They accuse Continuum Health Partners, which merged with LICH in 1998, of mismanaging the hospital and focusing more attention and energy on the four other health care facilities in the group, all of which are in Manhattan.
LICH officials have already stated that they plan to close both the obstetrics and pediatric departments at the hospital. Elected officials worry that those cuts are just the beginning, and that soon the entire facility will close, leaving a health care gap in communities like Brooklyn Heights and Carroll Gardens that rely on the hospital.
“Closing LICH is not an option,” said Borough President Marty Markowitz. “The neighborhoods served by LICH will only see their populations increase, along with their need for obstetrics, pediatrics, school clinics, and senior services.
“Instead of making LICH the gold standard in these services,” continued Markowitz, “Continuum is turning its back on Central Downtown and Brownstone Brooklyn.”
At a Community Board 6 committee meeting last month, Stanley Brezenoff, CEO of LICH parent company Continuum, explained that the hospital’s financial difficulties were rooted in the rising expense of malpractice insurance premiums and cuts to Medicaid.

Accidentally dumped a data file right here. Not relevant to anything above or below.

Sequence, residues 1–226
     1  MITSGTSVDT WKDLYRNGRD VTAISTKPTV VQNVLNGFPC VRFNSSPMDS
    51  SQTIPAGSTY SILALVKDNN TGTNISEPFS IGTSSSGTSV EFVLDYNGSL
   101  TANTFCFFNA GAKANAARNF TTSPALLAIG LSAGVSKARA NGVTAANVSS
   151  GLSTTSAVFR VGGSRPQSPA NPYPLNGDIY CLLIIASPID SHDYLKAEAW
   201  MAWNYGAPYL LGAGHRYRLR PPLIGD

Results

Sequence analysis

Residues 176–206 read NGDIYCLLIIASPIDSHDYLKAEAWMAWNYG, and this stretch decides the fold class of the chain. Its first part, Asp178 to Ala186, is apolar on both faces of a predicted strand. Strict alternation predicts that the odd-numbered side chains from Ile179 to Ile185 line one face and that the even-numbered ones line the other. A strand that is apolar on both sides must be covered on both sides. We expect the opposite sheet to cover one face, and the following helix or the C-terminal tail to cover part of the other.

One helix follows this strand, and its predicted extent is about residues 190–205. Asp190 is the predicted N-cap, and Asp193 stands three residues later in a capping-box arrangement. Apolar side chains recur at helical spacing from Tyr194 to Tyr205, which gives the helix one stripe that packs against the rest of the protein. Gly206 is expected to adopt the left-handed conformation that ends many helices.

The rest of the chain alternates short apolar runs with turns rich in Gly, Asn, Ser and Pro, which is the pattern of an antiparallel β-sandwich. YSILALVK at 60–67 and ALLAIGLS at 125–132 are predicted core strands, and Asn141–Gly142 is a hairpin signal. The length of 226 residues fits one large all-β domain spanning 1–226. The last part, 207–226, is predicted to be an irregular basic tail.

He told committee members that the cuts were the only way to actually keep LICH from closing.
Markowitz called on Continuum to “go back to the drawing board” and come up with a viable plan to save LICH. He also called for the creation of a community advisory board to be created by the end of the year.
At the rally, elected officials urged the state to provide any assistance it can, and said that Continuum had presented the first-round of cuts as a done deal without exploring all of the available options.
Dr. Tom Sorra, immediate past president of medical staff at LICH, said that just a few years after LICH merged with Continuum, the hospital’s board of directors was replaced with the Manhattan-based board, which he says is not committed to keeping LICH open.
“A moratorium on closure plans and real estate sales at LICH until the New York State Department of Health can make a determination has been shot down,” accused Sorra. “It’s up to all of us to stop these doors from closing.”